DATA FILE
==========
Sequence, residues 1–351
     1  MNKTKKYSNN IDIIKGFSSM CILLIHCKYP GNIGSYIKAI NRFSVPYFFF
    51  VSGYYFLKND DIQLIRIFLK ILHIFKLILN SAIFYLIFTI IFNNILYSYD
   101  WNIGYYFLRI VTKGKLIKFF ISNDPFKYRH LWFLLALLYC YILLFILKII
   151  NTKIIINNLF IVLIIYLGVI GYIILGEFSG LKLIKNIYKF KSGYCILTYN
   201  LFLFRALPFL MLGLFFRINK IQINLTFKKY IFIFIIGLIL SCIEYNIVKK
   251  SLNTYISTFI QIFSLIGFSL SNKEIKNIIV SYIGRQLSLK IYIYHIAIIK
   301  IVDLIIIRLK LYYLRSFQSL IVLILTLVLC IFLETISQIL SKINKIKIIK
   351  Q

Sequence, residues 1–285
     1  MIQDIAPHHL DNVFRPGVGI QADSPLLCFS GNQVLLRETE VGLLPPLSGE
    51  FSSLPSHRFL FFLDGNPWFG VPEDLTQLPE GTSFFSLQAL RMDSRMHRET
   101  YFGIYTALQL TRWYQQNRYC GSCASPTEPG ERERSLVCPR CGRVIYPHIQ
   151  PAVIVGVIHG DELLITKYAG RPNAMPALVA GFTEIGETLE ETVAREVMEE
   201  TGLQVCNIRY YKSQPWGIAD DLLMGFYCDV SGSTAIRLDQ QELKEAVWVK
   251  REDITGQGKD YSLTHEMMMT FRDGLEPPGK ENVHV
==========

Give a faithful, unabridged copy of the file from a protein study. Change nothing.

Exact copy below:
Sequence, residues 1–351
     1  MNKTKKYSNN IDIIKGFSSM CILLIHCKYP GNIGSYIKAI NRFSVPYFFF
    51  VSGYYFLKND DIQLIRIFLK ILHIFKLILN SAIFYLIFTI IFNNILYSYD
   101  WNIGYYFLRI VTKGKLIKFF ISNDPFKYRH LWFLLALLYC YILLFILKII
   151  NTKIIINNLF IVLIIYLGVI GYIILGEFSG LKLIKNIYKF KSGYCILTYN
   201  LFLFRALPFL MLGLFFRINK IQINLTFKKY IFIFIIGLIL SCIEYNIVKK
   251  SLNTYISTFI QIFSLIGFSL SNKEIKNIIV SYIGRQLSLK IYIYHIAIIK
   301  IVDLIIIRLK LYYLRSFQSL IVLILTLVLC IFLETISQIL SKINKIKIIK
   351  Q

Sequence, residues 1–285
     1  MIQDIAPHHL DNVFRPGVGI QADSPLLCFS GNQVLLRETE VGLLPPLSGE
    51  FSSLPSHRFL FFLDGNPWFG VPEDLTQLPE GTSFFSLQAL RMDSRMHRET
   101  YFGIYTALQL TRWYQQNRYC GSCASPTEPG ERERSLVCPR CGRVIYPHIQ
   151  PAVIVGVIHG DELLITKYAG RPNAMPALVA GFTEIGETLE ETVAREVMEE
   201  TGLQVCNIRY YKSQPWGIAD DLLMGFYCDV SGSTAIRLDQ QELKEAVWVK
   251  REDITGQGKD YSLTHEMMMT FRDGLEPPGK ENVHV